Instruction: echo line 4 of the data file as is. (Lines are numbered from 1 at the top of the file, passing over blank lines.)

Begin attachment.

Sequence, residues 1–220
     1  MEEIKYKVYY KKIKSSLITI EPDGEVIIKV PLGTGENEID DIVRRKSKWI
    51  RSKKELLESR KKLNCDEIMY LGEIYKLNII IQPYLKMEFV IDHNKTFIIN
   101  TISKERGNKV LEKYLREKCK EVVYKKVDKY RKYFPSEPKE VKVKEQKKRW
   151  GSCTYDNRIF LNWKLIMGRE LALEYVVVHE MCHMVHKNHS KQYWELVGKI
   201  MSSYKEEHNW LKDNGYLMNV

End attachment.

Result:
   101  TISKERGNKV LEKYLREKCK EVVYKKVDKY RKYFPSEPKE VKVKEQKKRW